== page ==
What medicine is good for allergies while breastfeeding

Food allergies can own rapid-onset (from minutes up to 2 hours), delayed-onset (up to 48 hours or even 1 week), or combinations of both, depending on the mechanisms involved. The difference depends on the types of white blood cells involved. B cells, a subset of white blood cells, rapidly synthesize and secrete immunoglobulin E (IgE), a class of antibody which bind to antigens, i.e., the foreign proteins. Thus, immediate reactions are described as IgE-mediated.

The delayed reactions involve non-IgE-mediated immune mechanisms initiated by B cells, T cells, and other white blood cells. Unlike with IgE reactions, there are no specific biomarker molecules circulating in the blood, and so, confirmation is by removing the suspect food from the diet and see if the symptoms resolve.[18]

IgE-mediated symptoms include: rash, hives, itching of the mouth, lips, tongue, throat, eyes, skin, or other areas, swelling of the lips, tongue, eyelids, or the whole face, difficulty swallowing, runny or congested nose, hoarse voice, wheezing, shortness of breath, diarrhea, abdominal pain, lightheadedness, fainting, nausea and vomiting.

Symptoms of allergies vary from person to person and may also vary from incident to incident.[19] Serious harm regarding allergies can start when the respiratory tract or blood circulation is affected. The previous can be indicated by wheezing, a blocked airway and cyanosis, the latter by feeble pulse, pale skin, and fainting.

What medicine is excellent for allergies while breastfeeding

When these symptoms happen, the allergic reaction is called anaphylaxis.[19] Anaphylaxis occurs when IgE antibodies are involved, and areas of the body that are not in direct contact with the food become affected and show severe symptoms.[19][20] Untreated, this can proceed to vasodilation, a low blood pressure situation called anaphylactic shock, and extremely rarely, death.[6][20]

For milk allergy, non-IgE-mediated responses are more common than IgE-mediated.[21] The presence of certain symptoms, such as angioedema or atopic eczema, is more likely related to IgE-mediated allergies, whereas non-IgE-mediated reactions manifest as gastrointestinal symptoms, without skin or respiratory symptoms.[18][22] Within non-IgE cow’s milk allergy, clinicians distinguish among food protein-induced enterocolitis syndrome (FPIES), food protein-induced allergic proctocolitis (FPIAP) and food protein-induced enteropathy (FPE).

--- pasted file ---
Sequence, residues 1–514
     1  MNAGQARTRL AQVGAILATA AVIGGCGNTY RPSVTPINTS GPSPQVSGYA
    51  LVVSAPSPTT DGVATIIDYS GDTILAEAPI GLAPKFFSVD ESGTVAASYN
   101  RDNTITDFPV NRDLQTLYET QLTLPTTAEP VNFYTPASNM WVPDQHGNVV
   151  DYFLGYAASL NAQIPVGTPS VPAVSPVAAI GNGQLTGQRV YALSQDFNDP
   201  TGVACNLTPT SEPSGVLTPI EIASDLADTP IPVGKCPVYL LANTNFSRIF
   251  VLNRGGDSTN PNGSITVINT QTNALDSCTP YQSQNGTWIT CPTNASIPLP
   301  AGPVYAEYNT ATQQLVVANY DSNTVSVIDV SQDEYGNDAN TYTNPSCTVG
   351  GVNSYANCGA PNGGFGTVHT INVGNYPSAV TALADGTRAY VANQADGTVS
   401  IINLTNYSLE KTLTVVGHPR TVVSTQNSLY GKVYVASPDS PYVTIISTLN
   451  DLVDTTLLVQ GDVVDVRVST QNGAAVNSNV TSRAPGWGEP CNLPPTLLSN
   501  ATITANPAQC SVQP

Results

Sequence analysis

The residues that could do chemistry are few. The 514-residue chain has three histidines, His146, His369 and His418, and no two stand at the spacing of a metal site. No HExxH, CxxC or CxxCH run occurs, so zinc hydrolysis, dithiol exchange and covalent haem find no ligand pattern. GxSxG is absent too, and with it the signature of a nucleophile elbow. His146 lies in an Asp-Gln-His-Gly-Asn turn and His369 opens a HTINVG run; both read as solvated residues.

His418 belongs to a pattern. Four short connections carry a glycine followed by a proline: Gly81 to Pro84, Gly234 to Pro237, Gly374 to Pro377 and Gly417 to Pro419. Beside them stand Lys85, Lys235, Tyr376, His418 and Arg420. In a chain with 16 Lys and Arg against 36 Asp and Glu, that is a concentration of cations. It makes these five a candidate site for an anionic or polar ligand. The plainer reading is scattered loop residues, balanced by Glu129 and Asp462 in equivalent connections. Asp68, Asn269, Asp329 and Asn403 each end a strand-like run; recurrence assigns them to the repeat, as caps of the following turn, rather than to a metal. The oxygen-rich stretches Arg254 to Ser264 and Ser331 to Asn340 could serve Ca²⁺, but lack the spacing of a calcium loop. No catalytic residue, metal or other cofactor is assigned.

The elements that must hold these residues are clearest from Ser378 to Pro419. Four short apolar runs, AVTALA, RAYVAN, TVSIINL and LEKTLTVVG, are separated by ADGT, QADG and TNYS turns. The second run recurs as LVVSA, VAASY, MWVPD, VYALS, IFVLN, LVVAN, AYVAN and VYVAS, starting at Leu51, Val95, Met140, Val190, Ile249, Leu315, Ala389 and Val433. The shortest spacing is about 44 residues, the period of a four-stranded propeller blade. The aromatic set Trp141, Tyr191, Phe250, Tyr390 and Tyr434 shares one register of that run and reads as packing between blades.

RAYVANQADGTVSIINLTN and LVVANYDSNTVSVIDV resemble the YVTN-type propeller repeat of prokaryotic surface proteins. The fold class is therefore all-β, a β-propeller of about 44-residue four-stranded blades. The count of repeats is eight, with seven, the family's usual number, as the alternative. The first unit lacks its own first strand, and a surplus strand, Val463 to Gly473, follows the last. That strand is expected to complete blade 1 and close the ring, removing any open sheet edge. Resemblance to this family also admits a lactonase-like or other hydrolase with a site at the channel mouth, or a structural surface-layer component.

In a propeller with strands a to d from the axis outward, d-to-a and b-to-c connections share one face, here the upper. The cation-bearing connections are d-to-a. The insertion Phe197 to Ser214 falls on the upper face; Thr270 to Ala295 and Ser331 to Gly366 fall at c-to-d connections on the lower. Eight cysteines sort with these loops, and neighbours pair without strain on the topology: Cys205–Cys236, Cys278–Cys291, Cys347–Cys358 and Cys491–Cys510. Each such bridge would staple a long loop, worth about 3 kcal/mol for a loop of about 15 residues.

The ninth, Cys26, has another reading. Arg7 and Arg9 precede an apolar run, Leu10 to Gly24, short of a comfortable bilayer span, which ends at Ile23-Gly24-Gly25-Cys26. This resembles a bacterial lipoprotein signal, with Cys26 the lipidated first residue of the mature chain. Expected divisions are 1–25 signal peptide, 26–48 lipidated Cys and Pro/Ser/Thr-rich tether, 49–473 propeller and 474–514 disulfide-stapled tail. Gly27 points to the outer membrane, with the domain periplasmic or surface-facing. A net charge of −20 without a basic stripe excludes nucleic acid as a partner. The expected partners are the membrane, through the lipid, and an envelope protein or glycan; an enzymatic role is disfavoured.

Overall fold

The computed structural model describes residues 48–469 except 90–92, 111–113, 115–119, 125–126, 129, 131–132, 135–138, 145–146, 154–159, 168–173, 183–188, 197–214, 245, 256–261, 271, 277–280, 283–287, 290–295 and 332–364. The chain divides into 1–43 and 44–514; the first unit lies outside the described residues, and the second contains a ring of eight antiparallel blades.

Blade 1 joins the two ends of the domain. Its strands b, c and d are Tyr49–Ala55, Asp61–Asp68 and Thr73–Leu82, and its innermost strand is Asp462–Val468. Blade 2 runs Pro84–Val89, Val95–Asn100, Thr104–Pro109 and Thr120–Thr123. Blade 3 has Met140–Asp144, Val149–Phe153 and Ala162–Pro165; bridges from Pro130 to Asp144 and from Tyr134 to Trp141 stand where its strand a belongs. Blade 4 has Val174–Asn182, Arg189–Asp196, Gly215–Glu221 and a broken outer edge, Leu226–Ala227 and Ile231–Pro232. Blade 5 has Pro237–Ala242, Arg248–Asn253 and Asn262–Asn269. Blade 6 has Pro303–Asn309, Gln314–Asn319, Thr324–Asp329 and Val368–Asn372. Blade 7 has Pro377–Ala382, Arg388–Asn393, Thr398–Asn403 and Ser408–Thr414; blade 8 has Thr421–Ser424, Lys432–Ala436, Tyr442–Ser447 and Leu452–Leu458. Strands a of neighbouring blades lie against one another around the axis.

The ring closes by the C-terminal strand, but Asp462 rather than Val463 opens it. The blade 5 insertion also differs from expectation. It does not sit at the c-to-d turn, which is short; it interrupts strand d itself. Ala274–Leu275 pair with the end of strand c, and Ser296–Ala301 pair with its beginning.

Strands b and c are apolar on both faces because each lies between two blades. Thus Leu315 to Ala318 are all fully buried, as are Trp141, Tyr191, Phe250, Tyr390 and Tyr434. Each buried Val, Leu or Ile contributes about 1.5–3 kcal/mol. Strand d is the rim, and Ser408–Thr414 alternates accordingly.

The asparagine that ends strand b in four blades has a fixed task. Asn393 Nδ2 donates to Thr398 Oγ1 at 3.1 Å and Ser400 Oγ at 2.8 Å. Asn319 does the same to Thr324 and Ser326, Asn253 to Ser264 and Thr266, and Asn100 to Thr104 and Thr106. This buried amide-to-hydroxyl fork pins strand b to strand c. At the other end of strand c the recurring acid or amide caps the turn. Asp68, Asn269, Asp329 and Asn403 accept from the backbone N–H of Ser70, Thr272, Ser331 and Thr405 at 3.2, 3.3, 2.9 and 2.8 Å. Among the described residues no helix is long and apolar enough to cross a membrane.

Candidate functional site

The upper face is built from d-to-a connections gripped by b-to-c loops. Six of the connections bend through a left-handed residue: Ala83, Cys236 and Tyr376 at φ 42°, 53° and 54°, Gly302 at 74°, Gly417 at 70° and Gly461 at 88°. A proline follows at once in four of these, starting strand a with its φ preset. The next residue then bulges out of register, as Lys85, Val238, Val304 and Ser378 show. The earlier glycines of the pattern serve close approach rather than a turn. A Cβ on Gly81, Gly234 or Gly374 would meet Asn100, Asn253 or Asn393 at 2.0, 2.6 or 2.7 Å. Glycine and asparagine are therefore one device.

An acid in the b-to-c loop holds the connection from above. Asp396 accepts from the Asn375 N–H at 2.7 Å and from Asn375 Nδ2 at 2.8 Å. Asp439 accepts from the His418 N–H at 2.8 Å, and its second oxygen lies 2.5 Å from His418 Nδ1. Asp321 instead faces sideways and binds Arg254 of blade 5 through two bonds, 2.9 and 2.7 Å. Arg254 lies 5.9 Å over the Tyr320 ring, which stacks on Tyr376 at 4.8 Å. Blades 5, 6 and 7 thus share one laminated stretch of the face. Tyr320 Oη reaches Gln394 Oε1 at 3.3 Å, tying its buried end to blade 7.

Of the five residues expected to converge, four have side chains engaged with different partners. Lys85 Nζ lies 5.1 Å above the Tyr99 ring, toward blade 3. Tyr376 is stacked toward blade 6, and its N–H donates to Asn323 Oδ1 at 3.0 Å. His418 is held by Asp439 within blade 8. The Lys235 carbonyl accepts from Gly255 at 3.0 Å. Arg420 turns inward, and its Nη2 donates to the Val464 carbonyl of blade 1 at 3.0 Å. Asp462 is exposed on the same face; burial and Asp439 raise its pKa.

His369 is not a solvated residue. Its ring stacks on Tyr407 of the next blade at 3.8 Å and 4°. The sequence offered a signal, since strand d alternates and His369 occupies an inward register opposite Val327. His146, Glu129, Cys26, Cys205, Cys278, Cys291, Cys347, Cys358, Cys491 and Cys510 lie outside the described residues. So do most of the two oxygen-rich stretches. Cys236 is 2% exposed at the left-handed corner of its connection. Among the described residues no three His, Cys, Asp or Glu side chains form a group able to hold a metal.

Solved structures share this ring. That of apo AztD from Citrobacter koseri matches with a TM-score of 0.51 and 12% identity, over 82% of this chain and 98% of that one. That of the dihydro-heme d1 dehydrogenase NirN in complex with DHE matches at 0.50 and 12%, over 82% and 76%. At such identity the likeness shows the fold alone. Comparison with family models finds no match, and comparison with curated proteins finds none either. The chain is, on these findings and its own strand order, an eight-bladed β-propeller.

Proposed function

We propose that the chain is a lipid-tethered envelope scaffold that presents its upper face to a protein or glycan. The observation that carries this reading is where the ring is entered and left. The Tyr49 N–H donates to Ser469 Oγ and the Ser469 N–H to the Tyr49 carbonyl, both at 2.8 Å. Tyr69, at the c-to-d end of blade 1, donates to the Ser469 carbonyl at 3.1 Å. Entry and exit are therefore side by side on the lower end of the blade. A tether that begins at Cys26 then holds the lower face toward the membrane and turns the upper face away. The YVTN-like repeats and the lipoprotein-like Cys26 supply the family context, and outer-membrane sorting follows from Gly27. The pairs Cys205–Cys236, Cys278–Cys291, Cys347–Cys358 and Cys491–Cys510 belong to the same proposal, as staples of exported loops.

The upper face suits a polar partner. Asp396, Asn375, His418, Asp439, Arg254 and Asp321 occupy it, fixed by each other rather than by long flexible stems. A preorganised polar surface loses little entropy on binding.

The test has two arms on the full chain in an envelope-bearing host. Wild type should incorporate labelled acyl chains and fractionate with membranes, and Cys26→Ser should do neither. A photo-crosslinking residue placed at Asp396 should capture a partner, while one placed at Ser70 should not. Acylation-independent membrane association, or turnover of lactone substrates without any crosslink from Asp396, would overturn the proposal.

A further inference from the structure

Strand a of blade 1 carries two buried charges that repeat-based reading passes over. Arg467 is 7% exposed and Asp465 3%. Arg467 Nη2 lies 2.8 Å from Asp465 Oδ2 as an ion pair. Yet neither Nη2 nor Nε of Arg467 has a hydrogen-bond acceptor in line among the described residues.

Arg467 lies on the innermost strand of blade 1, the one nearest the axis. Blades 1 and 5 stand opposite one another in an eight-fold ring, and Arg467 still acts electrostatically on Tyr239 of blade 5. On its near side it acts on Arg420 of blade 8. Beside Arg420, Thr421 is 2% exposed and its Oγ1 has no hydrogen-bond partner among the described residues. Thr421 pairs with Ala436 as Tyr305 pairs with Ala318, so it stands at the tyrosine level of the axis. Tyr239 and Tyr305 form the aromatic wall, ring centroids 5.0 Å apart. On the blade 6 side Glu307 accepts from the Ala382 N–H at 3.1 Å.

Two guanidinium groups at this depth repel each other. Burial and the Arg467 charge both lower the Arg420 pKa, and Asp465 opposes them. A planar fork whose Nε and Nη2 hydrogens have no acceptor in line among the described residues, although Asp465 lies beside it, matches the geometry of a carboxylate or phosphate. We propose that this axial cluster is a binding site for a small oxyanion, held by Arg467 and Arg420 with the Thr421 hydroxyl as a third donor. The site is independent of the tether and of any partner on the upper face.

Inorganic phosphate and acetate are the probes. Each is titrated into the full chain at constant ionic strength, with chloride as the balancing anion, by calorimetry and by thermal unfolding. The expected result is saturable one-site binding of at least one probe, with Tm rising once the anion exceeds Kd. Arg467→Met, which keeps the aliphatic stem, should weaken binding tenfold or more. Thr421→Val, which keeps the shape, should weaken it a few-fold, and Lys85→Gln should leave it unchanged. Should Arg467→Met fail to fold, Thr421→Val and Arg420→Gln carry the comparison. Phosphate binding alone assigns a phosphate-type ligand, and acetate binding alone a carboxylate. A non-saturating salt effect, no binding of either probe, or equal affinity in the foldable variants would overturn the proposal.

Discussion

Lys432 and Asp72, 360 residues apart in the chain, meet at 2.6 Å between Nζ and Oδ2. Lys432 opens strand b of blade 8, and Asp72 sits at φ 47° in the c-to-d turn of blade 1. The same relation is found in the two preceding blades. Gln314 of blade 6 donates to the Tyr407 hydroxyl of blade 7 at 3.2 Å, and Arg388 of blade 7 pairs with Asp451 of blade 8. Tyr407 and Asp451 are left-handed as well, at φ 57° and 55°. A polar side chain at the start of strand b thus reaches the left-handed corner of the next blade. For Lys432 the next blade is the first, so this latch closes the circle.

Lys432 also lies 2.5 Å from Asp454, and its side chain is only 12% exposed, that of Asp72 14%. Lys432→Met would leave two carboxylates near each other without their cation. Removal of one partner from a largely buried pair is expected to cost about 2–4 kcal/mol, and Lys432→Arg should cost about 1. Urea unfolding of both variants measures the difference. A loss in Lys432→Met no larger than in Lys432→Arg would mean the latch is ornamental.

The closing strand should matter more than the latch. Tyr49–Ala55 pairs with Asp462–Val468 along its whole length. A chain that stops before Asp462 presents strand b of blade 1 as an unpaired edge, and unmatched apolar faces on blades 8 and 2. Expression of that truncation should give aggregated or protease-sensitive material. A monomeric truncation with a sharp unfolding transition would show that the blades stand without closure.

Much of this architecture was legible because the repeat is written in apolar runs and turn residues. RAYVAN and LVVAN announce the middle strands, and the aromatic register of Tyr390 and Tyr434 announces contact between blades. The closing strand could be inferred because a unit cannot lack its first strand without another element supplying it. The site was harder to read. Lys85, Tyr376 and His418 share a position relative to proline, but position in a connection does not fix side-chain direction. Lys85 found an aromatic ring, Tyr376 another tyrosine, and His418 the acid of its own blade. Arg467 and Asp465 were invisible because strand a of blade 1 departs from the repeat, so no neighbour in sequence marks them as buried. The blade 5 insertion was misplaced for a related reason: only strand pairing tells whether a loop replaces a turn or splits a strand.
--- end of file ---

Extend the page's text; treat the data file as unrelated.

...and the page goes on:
Common trigger foods for every are cow’s milk and soy foods (including soy baby formula).[22][23] FPIAP is considered to be at the milder finish of the spectrum, and is characterized by intermittent bloody stools. FPE is identified by chronic diarrhea which will resolve when the offending food is removed from the infant’s diet. FPIES can be severe, characterized by persistent vomiting, 1 to 4 hours after an allergen-containing food is ingested, to the point of lethargy.

Watery and sometimes bloody diarrhea can develop 5 to 10 hours after the triggering meal, to the point of dehydration and low blood pressure. Infants reacting to cow’s milk may also react to soy formula, and vice versa.[23][24] International consensus guidelines own been established for the diagnosis and treatment of FPIES.[24]


Mechanisms

Conditions caused by food allergies are classified into three groups according to the mechanism of the allergic response:[25]

  • IgE-mediated (classic) – the most common type, manifesting as acute changes that happen shortly after eating, and may progress to anaphylaxis
  • Non-IgE mediated – characterized by an immune response not involving IgE; may happen hours to days after eating, complicating the diagnosis
  • IgE- and non-IgE-mediated – a hybrid of the above two types

Allergic reactions are hyperactive responses of the immune system to generally innocuous substances, such as proteins in the foods we eat.

Some proteins trigger allergic reactions while others do not. One theory is resistance to digestion, the thinking being that when largely intact proteins reach the little intestine the white blood cells involved in immune reactions will be activated.[26] The heat of cooking structurally degrades protein molecules, potentially making them less allergenic.[27] Allergic responses can be divided into two phases: an acute response that occurs immediately after exposure to an allergen, which can then either subside or progress into a «late-phase reaction,» prolonging the symptoms of a response and resulting in more tissue damage.[28][29]